by Keyword: Catalyst selectivity

Sans J, Arnau M, Bosque R, Turon P, Alemán C, (2024). Synthesis of urea from CO2 and N2 fixation under mild conditions using polarized hydroxyapatite as a catalyst† Sustainable Energy & Fuels

Polarized hydroxyapatite (p-HAp) has been used as a catalyst for the synthesis of urea coupling N2, CO2 and water under mild reaction conditions when compared to classical nitrogen fixation reactions, such as the Haber–Bosch process. The reaction of 3 bar of N2 and 3 bar of CO2 under UV illumination at 120 °C (for 48 h) results in a urea yield of 1.5 ± 0.1 mmol per gram of catalyst (gc) with a selectivity close to 80%, whereas the reaction is not successful without UV irradiation. However, the addition of small amounts of NO (314 ppm) produces 15.2 ± 0.6 and 4.6 ± 0.4 mmol gc−1 with and without UV illumination, respectively, with the selectivity in both cases being close to 100%. As nitrogen fixation without UV irradiation using p-HAp as a catalyst is a challenge, studies with NO have been conducted varying the reaction conditions (time, pressure and temperature). The results suggest a mechanism based on the production of NH4+ through the oxidation of N2 This journal is © The Royal Society of Chemistry 2024.

JTD Keywords: Carbon dioxide, Catalyst selectivity, Condition, Haber-bosch process, Hydroxyapatite, Irradiation, Metabolism, Mild reaction conditions, Nitrogen fixation, Pressure and temperature, Reaction conditions, Time pressures, Time-temperature, Urea, Uv illuminations, Without uv irradiations, ]+ catalyst

Sans, J, Arnau, M, Sanz, V, Turon, P, Alemán, C, (2022). Hydroxyapatite-based biphasic catalysts with plasticity properties and its potential in carbon dioxide fixation Chemical Engineering Journal 433, 133512

The design of catalysts with controlled selectivity at will, also known as catalytic plasticity, is a very attractive approach for the recycling of carbon dioxide (CO2). In this work, we study how catalytically active hydroxyapatite (HAp) and brushite (Bru) interact synergistically, allowing the production of formic acid or acetic acid depending on the HAp/Bru ratio in the catalyst. Raman, wide angle X-ray scattering, X-ray photoelectron spectroscopy, scanning electron microscopy and electrochemical impedance spectroscopy studies, combined with an exhaustive revision of the crystalline structure of the catalyst at the atomic level, allowed to discern how the Bru phase can be generated and stabilized at high temperatures. Results clearly indicate that the presence of OH– groups to maintain the crystalline structural integrity in conjunction with Ca2+ ions less bonded to the lattice fixate carbon into C1, C2 and C3 molecules from CO2 and allow the evolution from formic to acetic acid and acetone. In this way, the plasticity of the HAp-Bru system is demonstrated, representing a promising green alternative to the conventional metal-based electrocatalysts used for CO2 fixation. Thus, the fact that no electric voltage is necessary for the CO2 reduction has a very favorable impact in the final energetic net balance of the carbon fixation reaction. © 2021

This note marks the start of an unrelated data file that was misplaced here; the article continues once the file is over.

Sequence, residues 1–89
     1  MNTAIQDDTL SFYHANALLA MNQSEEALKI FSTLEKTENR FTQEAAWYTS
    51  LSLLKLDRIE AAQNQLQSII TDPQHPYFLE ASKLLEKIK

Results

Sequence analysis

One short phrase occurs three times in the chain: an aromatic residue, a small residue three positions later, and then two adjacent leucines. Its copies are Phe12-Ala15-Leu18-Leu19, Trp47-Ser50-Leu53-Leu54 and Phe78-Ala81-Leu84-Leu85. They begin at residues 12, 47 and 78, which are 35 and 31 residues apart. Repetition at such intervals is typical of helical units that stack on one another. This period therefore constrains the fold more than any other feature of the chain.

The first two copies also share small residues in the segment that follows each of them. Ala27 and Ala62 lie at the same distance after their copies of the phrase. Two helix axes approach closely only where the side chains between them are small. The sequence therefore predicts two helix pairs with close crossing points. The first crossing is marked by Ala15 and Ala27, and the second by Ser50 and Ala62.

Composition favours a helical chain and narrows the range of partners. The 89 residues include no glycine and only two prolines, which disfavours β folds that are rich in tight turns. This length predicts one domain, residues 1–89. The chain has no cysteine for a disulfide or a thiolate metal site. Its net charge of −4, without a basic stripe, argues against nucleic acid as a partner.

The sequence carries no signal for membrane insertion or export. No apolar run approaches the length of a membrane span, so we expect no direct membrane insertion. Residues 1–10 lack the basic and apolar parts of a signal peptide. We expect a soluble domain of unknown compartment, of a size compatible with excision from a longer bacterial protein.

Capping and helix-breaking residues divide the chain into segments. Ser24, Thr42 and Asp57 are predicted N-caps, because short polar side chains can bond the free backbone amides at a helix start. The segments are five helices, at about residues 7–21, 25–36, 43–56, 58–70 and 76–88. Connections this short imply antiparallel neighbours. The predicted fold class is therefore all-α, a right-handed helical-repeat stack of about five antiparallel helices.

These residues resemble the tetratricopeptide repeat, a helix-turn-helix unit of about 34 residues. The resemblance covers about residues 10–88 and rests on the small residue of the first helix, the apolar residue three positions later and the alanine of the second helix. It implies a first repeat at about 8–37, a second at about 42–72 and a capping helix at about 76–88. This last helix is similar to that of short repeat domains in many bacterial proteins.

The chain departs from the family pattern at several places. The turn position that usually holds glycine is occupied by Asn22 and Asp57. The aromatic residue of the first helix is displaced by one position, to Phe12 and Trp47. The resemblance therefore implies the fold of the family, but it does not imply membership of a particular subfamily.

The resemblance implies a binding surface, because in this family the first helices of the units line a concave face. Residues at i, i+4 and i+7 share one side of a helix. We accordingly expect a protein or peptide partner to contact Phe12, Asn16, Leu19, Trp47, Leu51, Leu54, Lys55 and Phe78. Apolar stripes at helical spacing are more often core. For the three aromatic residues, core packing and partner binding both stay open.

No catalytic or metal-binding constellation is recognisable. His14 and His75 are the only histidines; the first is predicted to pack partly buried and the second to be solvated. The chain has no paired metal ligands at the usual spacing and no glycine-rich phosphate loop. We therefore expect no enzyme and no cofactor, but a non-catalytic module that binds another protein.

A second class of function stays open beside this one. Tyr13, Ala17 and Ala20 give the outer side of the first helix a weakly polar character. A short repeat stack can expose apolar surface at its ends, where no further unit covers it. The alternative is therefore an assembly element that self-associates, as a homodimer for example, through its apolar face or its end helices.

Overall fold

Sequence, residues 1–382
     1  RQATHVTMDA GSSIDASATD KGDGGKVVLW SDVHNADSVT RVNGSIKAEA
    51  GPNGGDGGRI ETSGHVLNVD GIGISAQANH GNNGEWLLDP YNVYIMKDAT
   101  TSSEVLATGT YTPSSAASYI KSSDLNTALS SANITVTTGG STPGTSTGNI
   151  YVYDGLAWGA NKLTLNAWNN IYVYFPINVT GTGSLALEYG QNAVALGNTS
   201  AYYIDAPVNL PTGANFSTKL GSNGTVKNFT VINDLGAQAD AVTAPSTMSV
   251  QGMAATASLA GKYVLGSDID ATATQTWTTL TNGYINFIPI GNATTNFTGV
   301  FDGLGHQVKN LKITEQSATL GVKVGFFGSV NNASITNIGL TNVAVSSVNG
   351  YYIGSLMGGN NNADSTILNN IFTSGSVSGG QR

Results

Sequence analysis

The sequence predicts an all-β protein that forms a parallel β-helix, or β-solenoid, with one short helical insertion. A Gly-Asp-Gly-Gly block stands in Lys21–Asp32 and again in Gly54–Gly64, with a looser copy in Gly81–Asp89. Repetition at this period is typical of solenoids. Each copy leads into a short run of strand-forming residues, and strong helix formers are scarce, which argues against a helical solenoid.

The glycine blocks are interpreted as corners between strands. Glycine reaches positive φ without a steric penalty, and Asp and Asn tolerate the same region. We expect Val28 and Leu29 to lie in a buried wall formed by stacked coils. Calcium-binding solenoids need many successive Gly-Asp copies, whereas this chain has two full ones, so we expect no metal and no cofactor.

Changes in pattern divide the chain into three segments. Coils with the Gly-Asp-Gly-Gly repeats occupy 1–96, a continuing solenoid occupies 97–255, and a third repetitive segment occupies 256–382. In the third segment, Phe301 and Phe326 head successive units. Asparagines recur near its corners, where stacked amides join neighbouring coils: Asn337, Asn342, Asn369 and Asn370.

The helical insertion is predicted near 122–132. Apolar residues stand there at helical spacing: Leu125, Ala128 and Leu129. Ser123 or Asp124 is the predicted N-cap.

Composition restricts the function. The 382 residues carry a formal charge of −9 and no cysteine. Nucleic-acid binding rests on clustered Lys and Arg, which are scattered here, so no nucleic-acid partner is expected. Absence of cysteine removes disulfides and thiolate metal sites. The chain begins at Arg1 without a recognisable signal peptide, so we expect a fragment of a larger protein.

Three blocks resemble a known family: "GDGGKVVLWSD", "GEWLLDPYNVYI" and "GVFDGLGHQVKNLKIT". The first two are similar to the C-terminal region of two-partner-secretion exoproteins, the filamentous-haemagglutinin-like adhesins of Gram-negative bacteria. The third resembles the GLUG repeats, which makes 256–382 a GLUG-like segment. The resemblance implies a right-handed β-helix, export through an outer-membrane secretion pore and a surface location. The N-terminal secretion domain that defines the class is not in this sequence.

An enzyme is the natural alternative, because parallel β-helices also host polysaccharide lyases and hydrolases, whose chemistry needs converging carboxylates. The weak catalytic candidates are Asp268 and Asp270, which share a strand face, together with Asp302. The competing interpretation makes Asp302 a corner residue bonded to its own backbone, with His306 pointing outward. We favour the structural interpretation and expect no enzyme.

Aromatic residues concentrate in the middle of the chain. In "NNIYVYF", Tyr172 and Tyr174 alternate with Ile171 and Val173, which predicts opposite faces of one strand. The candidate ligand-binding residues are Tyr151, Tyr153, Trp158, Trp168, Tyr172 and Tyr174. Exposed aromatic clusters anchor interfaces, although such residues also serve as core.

JTD Keywords:

ethanol production & nbsp, brushite, co2 reduction, conversion, electrocatalytic reduction, electrode, formate, heterogeneous catalysis & nbsp, hydrogen evolution, insights, monetite, polarized hydroxyapatite,

, Acetic acid, Acetone, Biphasic catalyst, Brushite, Calcium phosphate, Carbon dioxide, Carbon dioxide fixation, Catalysis, Catalyst selectivity, Co 2 reduction, Co2 reduction, Electrocatalysts, Electrochemical impedance spectroscopy, Electrochemical reduction, Electrochemical-impedance spectroscopies, Ethanol production, Formic acid, Heterogeneous catalysis, Hydroxyapatite, Ph, Polarized hydroxyapatite, Property, Reduction, Scanning electron microscopy, Temperature programmed desorption, Wide angle x-ray scattering, X ray photoelectron spectroscopy, X ray scattering, ]+ catalyst